- Barrett’s Haunted Mansion is the main house, a 15-minute walk through a permanent, year-round house. Production values are high and completely unique — custom made rather than storebought effects. Every year they gut from the inside and rebuild with sets designed around a single theme. This year the theme is a spooky Alice in Wonderland, where for example you are confronted with a dead end room with no exit, just tiny doors with a bottle that says “Drink Me”. Every actor seemed to have a well thought out place in the horrors, and my group agreed that the eeriest room was the one with plastic-wrapped corpses hanging from the ceiling. To me, someone who is not a teenager and doesn’t drink, and is impressed more by psychological thrillers than gross out horror, this was my ideal destination. I have to say as well that Barrett’s is such a local tradition that teenagers were out in force and their energy and animated shouting to each other were delightful and infectious. You can’t help but have a big smile when you’re waiting in line and see a hideous clown come up from behind an unsuspecting stranger.
- The Cell is new this year, and a welcome addition since the house is great but a bit short. The Cell is an indoor prison themed maze that you wander, looking for the exit. Most haunted attractions force you down a single pathway, so getting to explore and return and get lost was a creative twist, and being locked in with the inmates (costumed actors) worked well. Unfortunately, to make a maze truly confusing you have to make it all look the same, and the theme of having cell bars let you see what was coming from all directions. The production quality didn’t include much beyond the cell bars, and the actors were in such close quarters that it was a challenge for them to be both menacing and believably not touching you, although there was a fog room corner. Still, a great way to get a touch more from your visit, and you can spend as much time in there as you want.
Make sure to get the coupon from the website, and consider attending on October 16 or 22 which are “blackout” nights with all lights off — not for the faint of heart! You can also get a behind-the-scenes tour. VIP tickets to hop you to the front of the line are available. Trust me, if you live anywhere near Barrett’s Haunted Mansion, you need to go.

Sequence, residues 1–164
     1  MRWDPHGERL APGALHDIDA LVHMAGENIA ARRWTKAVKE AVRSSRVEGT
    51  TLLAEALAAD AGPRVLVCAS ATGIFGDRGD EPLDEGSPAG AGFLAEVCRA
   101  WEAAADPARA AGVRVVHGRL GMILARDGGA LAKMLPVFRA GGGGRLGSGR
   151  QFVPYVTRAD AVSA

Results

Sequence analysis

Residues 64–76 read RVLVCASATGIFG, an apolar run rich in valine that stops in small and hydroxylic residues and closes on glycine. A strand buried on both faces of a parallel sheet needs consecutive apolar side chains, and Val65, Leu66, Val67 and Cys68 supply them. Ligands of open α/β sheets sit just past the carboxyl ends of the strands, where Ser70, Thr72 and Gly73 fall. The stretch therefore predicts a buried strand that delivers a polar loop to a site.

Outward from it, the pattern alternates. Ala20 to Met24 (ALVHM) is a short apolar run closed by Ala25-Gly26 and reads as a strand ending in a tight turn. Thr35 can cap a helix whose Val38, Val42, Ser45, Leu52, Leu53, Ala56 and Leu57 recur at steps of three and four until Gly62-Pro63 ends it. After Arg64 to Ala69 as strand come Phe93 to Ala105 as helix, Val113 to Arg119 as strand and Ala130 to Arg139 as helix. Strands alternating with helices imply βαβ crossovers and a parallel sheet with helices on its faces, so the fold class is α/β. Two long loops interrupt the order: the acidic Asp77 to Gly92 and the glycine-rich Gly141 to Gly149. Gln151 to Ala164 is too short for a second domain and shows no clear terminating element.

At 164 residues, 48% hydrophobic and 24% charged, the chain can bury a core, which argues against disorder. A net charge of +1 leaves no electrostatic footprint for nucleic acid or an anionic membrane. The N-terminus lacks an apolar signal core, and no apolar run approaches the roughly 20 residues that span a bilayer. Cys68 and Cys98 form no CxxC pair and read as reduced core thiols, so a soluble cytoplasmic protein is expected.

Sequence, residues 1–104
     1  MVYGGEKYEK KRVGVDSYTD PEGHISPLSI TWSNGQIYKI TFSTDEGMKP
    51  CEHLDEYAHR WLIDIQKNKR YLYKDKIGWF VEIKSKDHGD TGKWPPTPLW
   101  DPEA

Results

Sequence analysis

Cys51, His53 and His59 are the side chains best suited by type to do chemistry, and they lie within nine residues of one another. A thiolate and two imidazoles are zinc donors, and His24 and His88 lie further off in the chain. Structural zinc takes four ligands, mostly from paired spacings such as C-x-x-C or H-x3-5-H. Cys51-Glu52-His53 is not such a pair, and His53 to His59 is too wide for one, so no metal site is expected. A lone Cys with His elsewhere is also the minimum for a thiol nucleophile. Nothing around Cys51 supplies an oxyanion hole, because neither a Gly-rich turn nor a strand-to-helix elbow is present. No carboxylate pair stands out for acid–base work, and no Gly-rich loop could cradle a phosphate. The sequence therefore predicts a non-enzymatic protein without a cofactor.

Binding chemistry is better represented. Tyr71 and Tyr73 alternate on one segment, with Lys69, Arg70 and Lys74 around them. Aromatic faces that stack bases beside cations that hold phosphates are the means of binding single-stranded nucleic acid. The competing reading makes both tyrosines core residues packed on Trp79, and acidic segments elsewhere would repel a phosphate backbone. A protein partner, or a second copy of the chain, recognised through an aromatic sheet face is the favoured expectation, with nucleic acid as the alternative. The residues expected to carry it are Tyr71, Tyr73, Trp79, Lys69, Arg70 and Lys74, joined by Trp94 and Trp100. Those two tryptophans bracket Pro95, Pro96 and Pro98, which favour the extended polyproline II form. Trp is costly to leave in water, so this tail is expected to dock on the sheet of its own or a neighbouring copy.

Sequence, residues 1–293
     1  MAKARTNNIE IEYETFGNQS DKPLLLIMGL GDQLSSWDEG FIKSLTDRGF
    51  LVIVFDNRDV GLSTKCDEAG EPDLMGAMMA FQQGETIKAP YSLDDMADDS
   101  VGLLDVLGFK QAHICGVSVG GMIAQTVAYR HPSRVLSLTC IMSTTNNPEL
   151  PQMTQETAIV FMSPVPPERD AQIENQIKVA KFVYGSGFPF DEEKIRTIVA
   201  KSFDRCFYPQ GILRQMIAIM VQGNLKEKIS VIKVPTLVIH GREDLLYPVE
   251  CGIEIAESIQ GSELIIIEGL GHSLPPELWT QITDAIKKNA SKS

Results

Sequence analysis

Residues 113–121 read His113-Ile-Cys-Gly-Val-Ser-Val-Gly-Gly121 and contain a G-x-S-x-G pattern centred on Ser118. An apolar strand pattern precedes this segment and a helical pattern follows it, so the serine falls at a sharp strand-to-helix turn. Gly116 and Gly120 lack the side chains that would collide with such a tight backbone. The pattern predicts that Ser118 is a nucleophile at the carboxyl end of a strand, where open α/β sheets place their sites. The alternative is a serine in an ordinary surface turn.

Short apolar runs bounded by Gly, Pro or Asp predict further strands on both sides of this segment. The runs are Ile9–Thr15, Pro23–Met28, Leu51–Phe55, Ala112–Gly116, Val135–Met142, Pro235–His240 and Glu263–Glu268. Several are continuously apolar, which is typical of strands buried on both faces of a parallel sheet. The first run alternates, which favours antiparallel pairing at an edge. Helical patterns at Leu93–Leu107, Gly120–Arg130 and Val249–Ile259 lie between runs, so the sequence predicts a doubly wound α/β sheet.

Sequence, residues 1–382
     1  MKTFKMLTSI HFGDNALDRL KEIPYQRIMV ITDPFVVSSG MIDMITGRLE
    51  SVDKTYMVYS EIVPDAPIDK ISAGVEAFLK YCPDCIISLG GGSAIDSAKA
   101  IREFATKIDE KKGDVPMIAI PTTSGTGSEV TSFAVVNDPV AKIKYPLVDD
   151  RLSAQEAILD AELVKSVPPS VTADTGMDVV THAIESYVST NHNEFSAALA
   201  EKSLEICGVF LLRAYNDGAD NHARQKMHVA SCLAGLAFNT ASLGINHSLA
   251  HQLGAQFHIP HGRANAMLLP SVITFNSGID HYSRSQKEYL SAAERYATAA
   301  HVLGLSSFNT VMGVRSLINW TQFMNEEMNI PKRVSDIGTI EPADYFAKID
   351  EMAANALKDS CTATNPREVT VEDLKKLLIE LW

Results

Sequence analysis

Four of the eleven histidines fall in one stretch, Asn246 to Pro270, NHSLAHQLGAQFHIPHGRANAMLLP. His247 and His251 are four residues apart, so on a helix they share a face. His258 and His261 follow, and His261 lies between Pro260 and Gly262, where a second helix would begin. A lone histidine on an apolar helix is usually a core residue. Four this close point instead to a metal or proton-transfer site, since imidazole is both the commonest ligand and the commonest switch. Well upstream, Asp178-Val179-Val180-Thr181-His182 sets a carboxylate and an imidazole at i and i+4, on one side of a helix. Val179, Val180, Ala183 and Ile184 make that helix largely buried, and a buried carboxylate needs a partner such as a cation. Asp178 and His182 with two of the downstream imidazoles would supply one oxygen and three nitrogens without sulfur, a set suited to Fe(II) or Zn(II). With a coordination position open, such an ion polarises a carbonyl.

Abington Zombie Apocalypse (4.5 stars)
The Abington Zombie Apocalypse is a brand new attraction a half mile from Barrett’s Haunted Mansion, and don’t think of them as competitors. It just gives you a reason to travel from further away and do both attractions. Despite a few first-year rough edges, the concept is completely unique and I am certain to give them a 5 star rating next year and in the future. They take interactivity to a whole new level. Instead of walking through a dark maze being yelled at by costumed actors, the event begins when you drive up and are greeted by a guard in military gear with a machine gun, who tells you where to park.
You stand in line as though waiting to be “processed” as surivors of a zombie apocalypse. Once inside the building — a permanent installation but with an interior that lacks high production quality — they put a bag over your head (they wash them, I asked) and you’re taken to “quarantine” to make sure that you’re not going to change into a zombie. While you wait, you hear all around you gun fire, with zombies. I’ve never seen anything like it, a creative way to get around the “no touching” rule and heighten your experience. Then get this, an officer hands you a fake gun and you get to run around shooting zombies, who leap out from every angle.
There were far fewer high schoolers at this event and it’s clearly designed more for adults and those who want the ultimate scare. I’m told that many choose to leave early and some even pee their pants. To me, it was the concept rather than the execution that grabbed me. With a few years’ experience of polishing, this is going to be the attraction to beat in New England, and the experience wasn’t short — it was a full 20 minutes. The lines weren’t that long, but you can pay a VIP price and go to the front if you wish.
About the rough edges I mentioned, the walk through the space was a bit random. Of course you should expect chaos when hunting zombies, but the experience would be better with a plotline, some named characters, and a heightened sense of story, complete with a “boss” at the end like in a videogame. The set design was too basic, and the actors had a big challenge, which was how to rush us headlong and yet stop before touching us so that we could shoot them. I suspect in the future the actors will leap out to startle visitors, but then more slowly advance, or in greater numbers, and not die with the first shot. At one point we had to crawl through a section of drainage pipe and I’d love to see a lot more of that. That being said, I feel heartless giving the experience only a 4.5 stars. You absolutely need to give it a “shot”!